Monday, August 03, 2009
I loved this two-hander by American writer Katori Hall, and so did the rest of the audience, going by the standing ovation at Trafalgar Studio1 last Friday. James Dacre's direction is brisk in a play that keeps its momentum for 85 uninterrupted minutes.
It’s April 1968, and a stormy night in Memphis, as ‘Preacher’ King prepares an address to protesting workers the following day. He worries about his family back home and the possibly violent outcome of the march. Sassy maid Camae, with a cigarette pack in her garter, agrees to keep the insomniac leader company, for reasons of her own. As they review the self-doubting activist’s career, a shocking connection between the wildly different characters is revealed. More astute audience members no doubt guessed Camae’s identity long before I did.
Memorable touches include a tour de force portrayal of the great man’s preaching style, delivered by Camae as she stands on the bed, Luther jumping to ominous thunder cracks and a pillow fight which echoes the weather outside as well as the astonishing surprise. ‘It sometimes snows in Memphis in April’, says Camae. The best surprise of all, though, is who can be reached on the telephone extension. Eat your heart out, BT!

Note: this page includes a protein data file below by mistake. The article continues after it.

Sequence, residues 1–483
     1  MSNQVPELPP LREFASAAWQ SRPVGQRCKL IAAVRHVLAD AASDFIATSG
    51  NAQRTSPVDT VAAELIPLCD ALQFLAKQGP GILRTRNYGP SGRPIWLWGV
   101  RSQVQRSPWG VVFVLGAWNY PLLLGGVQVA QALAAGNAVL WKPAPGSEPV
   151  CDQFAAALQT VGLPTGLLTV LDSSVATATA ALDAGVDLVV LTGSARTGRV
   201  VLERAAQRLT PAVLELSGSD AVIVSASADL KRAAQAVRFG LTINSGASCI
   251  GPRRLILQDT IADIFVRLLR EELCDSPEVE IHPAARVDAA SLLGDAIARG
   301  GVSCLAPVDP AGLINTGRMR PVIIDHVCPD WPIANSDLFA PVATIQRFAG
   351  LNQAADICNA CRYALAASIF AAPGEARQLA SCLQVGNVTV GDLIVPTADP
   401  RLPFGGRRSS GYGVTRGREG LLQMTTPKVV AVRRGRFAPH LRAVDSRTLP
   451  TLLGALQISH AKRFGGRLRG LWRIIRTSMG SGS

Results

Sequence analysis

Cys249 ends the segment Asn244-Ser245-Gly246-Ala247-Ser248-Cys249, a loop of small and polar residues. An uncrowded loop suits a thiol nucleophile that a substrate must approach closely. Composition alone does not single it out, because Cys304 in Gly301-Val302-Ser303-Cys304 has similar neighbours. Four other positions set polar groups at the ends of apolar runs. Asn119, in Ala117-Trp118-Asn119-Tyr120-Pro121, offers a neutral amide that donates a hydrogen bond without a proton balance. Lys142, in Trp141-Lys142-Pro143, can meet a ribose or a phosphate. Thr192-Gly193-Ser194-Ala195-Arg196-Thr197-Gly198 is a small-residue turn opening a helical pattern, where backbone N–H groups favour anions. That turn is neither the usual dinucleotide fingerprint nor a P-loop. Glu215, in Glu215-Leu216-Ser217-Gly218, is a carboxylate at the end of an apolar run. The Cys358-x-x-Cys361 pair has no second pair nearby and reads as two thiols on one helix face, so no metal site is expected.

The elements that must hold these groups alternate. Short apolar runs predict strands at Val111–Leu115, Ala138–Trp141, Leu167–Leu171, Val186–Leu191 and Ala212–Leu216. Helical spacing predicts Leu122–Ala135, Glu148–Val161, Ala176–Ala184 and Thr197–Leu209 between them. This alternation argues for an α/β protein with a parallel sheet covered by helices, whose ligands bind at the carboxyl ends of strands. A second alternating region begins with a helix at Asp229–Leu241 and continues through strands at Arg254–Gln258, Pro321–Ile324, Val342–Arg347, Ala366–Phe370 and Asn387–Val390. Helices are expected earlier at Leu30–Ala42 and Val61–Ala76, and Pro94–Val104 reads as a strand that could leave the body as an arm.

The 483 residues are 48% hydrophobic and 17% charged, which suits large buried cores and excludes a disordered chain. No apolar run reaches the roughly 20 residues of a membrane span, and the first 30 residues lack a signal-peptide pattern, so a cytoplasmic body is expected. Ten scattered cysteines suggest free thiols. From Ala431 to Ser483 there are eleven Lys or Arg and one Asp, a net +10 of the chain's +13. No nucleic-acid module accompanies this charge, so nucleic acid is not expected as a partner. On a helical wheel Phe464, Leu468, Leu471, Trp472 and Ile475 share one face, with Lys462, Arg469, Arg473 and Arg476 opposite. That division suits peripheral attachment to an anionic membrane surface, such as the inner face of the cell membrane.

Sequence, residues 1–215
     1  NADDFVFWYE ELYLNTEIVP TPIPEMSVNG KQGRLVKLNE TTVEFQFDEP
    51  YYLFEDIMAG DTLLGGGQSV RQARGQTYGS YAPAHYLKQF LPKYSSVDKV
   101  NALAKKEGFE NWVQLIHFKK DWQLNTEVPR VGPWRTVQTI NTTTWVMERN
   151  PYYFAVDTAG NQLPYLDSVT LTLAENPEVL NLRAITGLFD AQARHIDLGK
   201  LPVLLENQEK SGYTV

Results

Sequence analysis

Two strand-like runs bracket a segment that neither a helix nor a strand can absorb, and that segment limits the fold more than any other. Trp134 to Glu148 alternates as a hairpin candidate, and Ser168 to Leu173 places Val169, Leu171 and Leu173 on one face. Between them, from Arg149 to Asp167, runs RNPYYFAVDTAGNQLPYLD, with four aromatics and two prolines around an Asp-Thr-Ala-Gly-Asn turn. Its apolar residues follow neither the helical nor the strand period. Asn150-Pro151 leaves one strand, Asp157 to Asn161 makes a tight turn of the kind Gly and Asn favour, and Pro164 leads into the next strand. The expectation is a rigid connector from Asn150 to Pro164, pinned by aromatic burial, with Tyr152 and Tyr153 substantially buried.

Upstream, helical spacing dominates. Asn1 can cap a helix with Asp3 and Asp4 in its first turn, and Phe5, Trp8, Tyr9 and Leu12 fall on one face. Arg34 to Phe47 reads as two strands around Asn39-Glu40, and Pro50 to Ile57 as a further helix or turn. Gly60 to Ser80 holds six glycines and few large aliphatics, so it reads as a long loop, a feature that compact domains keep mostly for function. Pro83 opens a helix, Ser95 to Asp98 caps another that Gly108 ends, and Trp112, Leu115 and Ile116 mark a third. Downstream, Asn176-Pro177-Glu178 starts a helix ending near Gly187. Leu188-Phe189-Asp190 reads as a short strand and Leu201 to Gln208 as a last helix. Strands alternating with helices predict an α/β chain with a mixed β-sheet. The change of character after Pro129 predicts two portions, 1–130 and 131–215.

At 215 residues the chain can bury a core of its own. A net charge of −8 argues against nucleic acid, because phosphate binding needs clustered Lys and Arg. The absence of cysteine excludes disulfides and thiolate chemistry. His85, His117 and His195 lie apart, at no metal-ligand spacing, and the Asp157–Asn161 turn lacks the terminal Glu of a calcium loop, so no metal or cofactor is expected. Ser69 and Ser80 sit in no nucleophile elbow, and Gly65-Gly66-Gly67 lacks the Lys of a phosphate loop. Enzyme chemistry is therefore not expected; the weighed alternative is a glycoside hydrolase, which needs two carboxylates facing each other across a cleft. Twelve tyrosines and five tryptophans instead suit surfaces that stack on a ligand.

The play’s title refers to what became known as King’s ‘mountaintop speech’ – it’s superbly acted by David Harewood and Lorraine Burroughs and full of surprises.
Although the set’s what you might call adequate, Richard Hammarton's music & sound and Emma Chapman's lighting design are very effective. The script keeps you laughing until you end up crying and clapping.